A Policing Perspective: The Common Law (a student blog)
Prior to entering law school, I had some idea what to expect in regards to the teaching method. I knew that learning was primarily done through studying cases, rather than statute. For me personally, this reflected a significant change from how I had learned about criminal law eight years prior when I began a career in policing.
I completed my police training back in 2008. While the training program was comprised of 785 training hours, not a single hour was spent reading a case. While those training hours are spread across several different units, such as driving, firearms, fitness and defensive tactics, almost half of those hours are dedicated to the classroom learning component.
It may seem odd then that unlike law school where such a large focus is placed on the common law, my police training consisted of no case readings. While I cannot recall for certain, there may have been some mention of relevant cases amongst the learning materials, such as R. v. Stinchcombe  3 S.C.R. 326 when learning about a topic such as disclosure. There was also some discussion of the annotations (we used Martin’s Annual Criminal Code) but no real emphasis on them. Most of the learning was done through studying the Criminal Code statutes themselves and understanding the elements of an offence.
That is not to say that the common law is not a part of any police training. In fact, I still remember my first exposure to actual cases in their entirety. It was around November 2009 and came about as I was scheduled to attend a criminal interdiction training workshop. A few cases, I believe R v Grant 2009 SCC 32, R v Suberu 2009 SCC 33, and R v Kang-Brown 2008 SCC 18, were emailed out as required reading prior to the course. I still recall how overwhelmed I was at the time, trying to make sense of them, without the aid of course outlines, online briefs or anything similar and having no idea what to look for.
My next exposure to case law came about a year after that when I went on an interviewing course and had to read R v Oickle, 2000 SCC 38, R v Singh 2007 SCC 48, R v Sinclair 2010 SCC 35 and R v McCrimmon 2010 SCC 36. Another daunting task but things were slowly starting to make more sense.
Beyond those few instances however, I cannot recall any case readings forming a significant part of any other courses or training. That is not say that was the end of my common-law studies, as at some point I had developed a keen personal interest in case law. This was aided by sources such as the website of BC Crown Attorney Henry Waldock,1 T.J. Romaniuk’s Search Warrant website,2 and the Atlantic Police Academy Law Blog,3 all great resources for investigators.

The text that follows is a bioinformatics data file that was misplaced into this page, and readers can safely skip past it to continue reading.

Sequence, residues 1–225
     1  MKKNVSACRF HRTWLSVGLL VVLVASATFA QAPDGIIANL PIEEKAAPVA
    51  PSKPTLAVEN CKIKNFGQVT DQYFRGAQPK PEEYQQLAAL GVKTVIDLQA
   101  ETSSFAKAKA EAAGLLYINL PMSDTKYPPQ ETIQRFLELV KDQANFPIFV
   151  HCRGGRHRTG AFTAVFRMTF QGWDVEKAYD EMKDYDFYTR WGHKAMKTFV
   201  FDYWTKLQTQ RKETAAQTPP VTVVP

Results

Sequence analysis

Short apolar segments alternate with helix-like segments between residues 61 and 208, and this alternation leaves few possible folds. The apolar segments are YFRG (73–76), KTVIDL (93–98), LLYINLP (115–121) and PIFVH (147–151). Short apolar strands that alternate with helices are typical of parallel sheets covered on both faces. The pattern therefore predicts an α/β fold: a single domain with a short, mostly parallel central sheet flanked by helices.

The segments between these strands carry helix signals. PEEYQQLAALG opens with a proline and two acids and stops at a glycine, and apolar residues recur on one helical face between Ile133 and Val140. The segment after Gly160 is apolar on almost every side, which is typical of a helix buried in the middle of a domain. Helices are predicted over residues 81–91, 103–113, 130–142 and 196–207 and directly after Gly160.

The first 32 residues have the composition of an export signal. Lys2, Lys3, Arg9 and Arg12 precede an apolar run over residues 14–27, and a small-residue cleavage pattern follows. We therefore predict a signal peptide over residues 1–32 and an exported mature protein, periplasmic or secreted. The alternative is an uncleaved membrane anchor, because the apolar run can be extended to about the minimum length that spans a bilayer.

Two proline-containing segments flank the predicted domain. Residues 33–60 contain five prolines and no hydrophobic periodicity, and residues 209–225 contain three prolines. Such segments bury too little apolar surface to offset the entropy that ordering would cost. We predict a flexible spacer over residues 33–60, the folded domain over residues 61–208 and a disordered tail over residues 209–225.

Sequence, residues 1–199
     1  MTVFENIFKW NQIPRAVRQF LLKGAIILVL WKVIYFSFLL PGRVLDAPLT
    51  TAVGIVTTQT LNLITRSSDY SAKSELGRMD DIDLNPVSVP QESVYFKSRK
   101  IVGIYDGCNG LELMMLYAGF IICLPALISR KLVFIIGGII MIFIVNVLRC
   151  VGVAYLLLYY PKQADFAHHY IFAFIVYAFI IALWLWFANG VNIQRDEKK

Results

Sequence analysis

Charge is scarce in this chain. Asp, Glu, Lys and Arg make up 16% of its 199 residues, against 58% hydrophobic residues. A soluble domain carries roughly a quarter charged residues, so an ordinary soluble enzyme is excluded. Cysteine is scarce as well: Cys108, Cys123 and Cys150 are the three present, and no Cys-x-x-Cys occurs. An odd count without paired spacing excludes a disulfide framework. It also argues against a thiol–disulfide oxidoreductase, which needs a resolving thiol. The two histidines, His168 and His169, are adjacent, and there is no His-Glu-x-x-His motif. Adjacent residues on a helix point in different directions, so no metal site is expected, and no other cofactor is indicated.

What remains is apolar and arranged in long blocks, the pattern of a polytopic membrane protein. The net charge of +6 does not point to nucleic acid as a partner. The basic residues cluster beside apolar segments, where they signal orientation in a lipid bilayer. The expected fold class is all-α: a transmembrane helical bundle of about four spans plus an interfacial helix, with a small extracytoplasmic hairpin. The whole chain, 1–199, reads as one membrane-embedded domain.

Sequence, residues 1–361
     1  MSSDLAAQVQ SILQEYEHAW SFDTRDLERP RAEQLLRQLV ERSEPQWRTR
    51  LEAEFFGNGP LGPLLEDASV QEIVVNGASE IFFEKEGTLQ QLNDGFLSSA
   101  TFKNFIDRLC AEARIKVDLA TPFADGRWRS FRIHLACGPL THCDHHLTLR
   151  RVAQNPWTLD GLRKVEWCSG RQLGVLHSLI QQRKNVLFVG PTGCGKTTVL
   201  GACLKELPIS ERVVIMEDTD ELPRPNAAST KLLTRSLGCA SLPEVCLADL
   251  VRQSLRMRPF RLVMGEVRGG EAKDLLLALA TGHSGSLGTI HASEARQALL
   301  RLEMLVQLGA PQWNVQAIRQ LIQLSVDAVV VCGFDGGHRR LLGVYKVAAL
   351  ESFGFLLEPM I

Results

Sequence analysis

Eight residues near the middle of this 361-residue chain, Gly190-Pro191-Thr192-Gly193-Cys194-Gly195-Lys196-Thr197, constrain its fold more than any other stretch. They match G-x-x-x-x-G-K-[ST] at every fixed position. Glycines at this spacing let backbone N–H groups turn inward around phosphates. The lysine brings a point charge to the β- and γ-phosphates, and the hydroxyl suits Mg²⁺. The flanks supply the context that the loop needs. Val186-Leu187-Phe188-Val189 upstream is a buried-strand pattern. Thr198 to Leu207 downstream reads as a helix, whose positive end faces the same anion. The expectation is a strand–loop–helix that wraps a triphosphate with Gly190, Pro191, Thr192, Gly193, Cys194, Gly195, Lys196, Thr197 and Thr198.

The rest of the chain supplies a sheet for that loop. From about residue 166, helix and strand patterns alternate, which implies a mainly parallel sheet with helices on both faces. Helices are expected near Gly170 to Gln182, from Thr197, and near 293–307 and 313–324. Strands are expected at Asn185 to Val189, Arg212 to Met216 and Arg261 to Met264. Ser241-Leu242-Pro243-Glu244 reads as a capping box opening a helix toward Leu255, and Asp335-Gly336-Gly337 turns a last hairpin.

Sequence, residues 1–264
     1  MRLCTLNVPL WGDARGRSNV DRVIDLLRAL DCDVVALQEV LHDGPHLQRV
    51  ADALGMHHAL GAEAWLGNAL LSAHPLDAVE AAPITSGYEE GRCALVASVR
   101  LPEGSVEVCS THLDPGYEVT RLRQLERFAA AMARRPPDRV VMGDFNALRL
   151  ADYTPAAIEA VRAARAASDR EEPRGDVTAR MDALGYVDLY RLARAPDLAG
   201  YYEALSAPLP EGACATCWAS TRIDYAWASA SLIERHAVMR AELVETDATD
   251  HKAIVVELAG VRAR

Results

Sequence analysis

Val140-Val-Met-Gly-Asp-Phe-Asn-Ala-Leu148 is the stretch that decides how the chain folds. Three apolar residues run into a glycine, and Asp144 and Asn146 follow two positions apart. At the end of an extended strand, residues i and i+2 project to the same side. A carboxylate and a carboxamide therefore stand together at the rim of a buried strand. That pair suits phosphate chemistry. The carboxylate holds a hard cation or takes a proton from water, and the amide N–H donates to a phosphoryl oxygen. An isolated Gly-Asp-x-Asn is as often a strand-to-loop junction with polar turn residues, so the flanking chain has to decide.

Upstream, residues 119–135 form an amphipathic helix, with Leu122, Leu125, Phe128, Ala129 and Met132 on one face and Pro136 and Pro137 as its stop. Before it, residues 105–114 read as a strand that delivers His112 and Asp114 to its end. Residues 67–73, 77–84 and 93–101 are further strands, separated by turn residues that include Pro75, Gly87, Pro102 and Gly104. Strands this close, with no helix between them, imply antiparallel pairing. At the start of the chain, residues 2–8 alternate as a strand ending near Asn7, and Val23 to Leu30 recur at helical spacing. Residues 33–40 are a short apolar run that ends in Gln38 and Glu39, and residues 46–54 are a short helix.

I had a strong interest in drug investigations and my readings tended to focus around the Charter, as drug files and the Charter seem to go hand in hand. Through sites such as those noted, I began to see each decision as a tool, sometimes a great one to potentially utilize, other times something to simply be mindful of. Furthermore, I developed an interest in understanding not only the what, but the how and the why, leading me to search down the cases themselves, often on CanLii, and read them in their entirety.
I still remember the first time I came across the decision R v Sesay, 2013 MBCA 8, a Manitoba case that essentially gave the police the power to search for further breaches of an undertaking following arresting a person for a breach of that undertaking. I was working in a plainclothes unit at the time and in the community which I was posted, we had several individuals who we believed were involved in drug trafficking that were under court orders, be it Undertakings, Recognizances or Probation Orders. The partner I worked with and myself both knew that this case would undoubtedly pay dividends.
It was not that long after that we were out on patrol and observed a local individual we knew to be on a curfew traveling as a passenger in a motor vehicle. We stopped the vehicle, arrested the subject and proceeded to search the vehicle for further breaches of this person’s court order. The search led to us obtaining evidence which aided us in writing a search warrant for a residence, ultimately leading to charges against the subject and one other individual for drug trafficking related offences. Arguably, without the knowledge of that case, we may have been hesitant go to down the path we did, or alternatively we would have had trouble articulating why we did it. As it was, we were confident in our actions and could support the reasons for the search in both our notes and in obtaining the warrant.
In the next few installments, I will address some specific Supreme Court decisions from the past few years and how I feel they had a direct impact on policing as well as my personal experiences related to those decisions.
2. Formerly at http://members.shaw.ca/tjromaniuk/indexb.htm and sadly now a dead link.